Proposals to end Britain's first-past-the-post system for electing MPs and replace it with a more democratic alternative, will be published tomorrow.
A coalition of constitutional reform groups and MPs will call on the Government to back a national referendum to choose a more representative method for electing politicians to Westminster.
New research commissioned by Active Citizens Transform and Charter 88 shows that, in May's general election, Labour won only 36 per cent of the vote, the lowest support for a government since the Great Reform Act of 1832. Not a single MP was elected by half of the electorate in any constituency and only two MPs won more than 40 per cent of the vote.
The reform groups believe that without a fairer system of national elections, confidence in British democracy will be undermined.
The Electoral Choice Bill is supported by John Denham, the Labour MP and chairman of the Home Affairs Select Committee, David Chaytor, a Labour member of the Education and Skills Select Committee, and David Heath, the Liberal Democrat spokesman for constitutional affairs.
There is also strong support from the country's foremost reform organisations, including the Electoral Reform Society and New Politics Network as well as Charter 88 and Active Citizens Transform.
The Bill would require the Government to hold referendums for elections to both Houses of Parliament as well as answering questions about the composition of the House of Lords. The country would also be asked to choose the system by which local authorities should be elected.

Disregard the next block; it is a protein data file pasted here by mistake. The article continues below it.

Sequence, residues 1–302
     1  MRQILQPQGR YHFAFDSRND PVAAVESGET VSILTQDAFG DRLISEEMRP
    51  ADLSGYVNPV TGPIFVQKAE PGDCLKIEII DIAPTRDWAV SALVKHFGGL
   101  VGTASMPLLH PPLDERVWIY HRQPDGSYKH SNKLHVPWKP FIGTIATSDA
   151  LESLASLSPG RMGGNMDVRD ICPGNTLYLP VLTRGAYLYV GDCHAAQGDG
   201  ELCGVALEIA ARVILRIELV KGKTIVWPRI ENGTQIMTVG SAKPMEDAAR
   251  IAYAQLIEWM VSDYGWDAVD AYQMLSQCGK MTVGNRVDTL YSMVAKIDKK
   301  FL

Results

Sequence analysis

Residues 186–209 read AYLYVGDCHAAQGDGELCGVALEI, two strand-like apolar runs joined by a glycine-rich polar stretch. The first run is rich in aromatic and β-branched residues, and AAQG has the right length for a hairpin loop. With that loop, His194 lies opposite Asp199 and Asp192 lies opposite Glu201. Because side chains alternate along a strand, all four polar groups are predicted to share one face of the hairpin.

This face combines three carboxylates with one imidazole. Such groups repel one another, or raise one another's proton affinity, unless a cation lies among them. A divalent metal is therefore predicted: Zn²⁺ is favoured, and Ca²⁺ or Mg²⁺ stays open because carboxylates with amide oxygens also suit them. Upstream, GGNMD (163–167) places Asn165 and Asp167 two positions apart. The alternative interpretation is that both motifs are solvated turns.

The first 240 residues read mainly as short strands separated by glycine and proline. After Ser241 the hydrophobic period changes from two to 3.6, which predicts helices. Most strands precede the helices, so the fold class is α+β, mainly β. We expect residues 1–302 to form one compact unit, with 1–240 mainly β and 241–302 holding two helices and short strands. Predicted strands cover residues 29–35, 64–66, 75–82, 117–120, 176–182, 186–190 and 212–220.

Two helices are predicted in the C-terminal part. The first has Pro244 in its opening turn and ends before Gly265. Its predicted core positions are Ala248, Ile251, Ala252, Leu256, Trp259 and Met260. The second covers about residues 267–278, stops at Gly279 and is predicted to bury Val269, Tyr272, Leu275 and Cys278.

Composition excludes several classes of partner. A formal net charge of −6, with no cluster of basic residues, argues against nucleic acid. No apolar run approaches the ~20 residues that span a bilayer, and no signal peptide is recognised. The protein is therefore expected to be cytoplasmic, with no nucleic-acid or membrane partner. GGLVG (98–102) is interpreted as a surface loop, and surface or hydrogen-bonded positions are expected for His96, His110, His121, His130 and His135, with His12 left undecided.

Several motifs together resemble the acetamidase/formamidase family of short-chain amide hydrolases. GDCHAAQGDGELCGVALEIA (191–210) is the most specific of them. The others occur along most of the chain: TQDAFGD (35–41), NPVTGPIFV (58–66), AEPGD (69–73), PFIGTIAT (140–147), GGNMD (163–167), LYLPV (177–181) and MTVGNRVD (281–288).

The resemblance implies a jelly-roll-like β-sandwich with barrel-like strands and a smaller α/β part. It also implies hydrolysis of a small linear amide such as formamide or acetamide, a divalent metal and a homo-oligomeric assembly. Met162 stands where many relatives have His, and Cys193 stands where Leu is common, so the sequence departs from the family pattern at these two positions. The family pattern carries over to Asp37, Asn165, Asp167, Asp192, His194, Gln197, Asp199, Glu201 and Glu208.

At May's general election, according to the campaigners' report, it took only 26,858 votes to elect a Labour MP, 44,241 to elect a Tory and 98,484 to vote in a Liberal Democrat. Nearly two thirds (65 per cent) of the population did not vote for the present Government and on the results for just England, 60,000 more people voted for the Conservative Party than the Labour Party yet Labour won 92 more seats and was chosen to represent the people.
The launch at Portcullis House tomorrow will allow MPs to begin the process of reform by unveiling the Electoral Choice Bill. Proponents will then look to gather support in Westminster where it is hoped to be debated under the 10 minute rule and then taken on as a private member's Bill.
John Jackson, the chairman of Active Citizens Transform, will say at the launch that the Electoral Choice Bill is the "first step" on the road to electoral reform, a pressing concern for all democrats. "It is not possible in a modern democratic society to maintain civil cohesion unless the political structure of that society is determined in a manner which is an expression of the popular will. The 'manner' is more important than 'structure' which it leads to."
Debbie Chay, the chairwoman of Charter 88, said that the results of the last general election "underline the widening gulf between those in government and us, the people".Reuse content